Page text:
Families can receive the kits on loan from the center and use them as long as they wish. Thus far, 65 families have used the kits.
Parent volunteers and staff members at the center made the first few kits themselves, but Palmer said they had recently recognized the need for an advanced-level kit for children who were beyond the beginning skills. She said this is the first time the Chapel Hill center has had someone from the outside community offer to make the kits.
"We had decided early on that we needed another kit," Palmer said. "It's a huge job. It was a lifesaver for us."
Many of the activities in the kits include pictures and drawings, which Palmer says is important because most autistic children learn better visually. Palmer said the kits allow parents to work at home with their children every day in a structured environment, which also helps the children in the learning process.
"They learn differently in they don't understand as much the spoken word", Palmer said. "We encourage the parents to work with them in a certain place each time. We're teaching them something that may be hard for them but in a structured environment".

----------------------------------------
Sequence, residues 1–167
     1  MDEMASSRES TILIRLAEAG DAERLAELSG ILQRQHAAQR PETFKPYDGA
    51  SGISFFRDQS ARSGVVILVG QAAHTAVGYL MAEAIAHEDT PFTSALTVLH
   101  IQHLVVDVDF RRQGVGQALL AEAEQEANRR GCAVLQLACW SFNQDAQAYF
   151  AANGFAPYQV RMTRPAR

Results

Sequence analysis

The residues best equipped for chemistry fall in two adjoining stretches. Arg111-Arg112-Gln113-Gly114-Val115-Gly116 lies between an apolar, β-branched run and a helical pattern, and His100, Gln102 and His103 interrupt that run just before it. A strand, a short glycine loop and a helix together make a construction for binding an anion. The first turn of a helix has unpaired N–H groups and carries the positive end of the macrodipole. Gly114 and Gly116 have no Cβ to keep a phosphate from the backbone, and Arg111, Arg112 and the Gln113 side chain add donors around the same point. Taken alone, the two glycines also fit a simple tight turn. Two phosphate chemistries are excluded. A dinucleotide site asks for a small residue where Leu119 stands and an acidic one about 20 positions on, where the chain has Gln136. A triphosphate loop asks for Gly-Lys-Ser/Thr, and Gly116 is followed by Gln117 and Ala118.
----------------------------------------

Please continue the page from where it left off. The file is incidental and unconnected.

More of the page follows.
Mary Hopson used a kit for about three months with her son James, after he was diagnosed with autism at age 2.
Hopson said using the kits really helped James, and it helped her and her husband feel like they had some sort of control over the disorder. The kits, she said, made it easy for her to help James with the skills he needed.
"You really wanted to (use them) because he responded so well", said Hopson. "When he got into preschool, he was very comfortable with the work. The structure keeps them focused, and the home teaching kit is showing you how to give structured tasks for them to complete".
Before returning the kit to the center, Hopson made some duplicates of some of the materials so she could continue working with James on her own.
Alisa Huff also used a beginning kit for about six months with her son Richie. "I think it was actually very helpful", Huff said. "It was another teaching method. I think it was a big help that they had something like that".
In addition to making the kits, Smith has helped parents make their own. He wrote instructions on how to construct each activity in the kits so that they may be posted on the TEACCH Web site.
Smith said completing the project has capped off his seven years as a Boy Scout. He said making the kits was more rewarding than building a bridge would have been.
"I can't see more than 10 people walking across (the bridge)." Smith said. "(The kits) will have a much better impact on the community."
Jonnelle Davis can be reached at
932-8760 or email@example.com
Boy Scout earns Eagle Scout badge with unusual project:
a kit that helps children with autism learn basic skills.
Instructions for Making a Beginning Home Teaching Kit
Instructions for Making an Intermediate Home Teaching Kit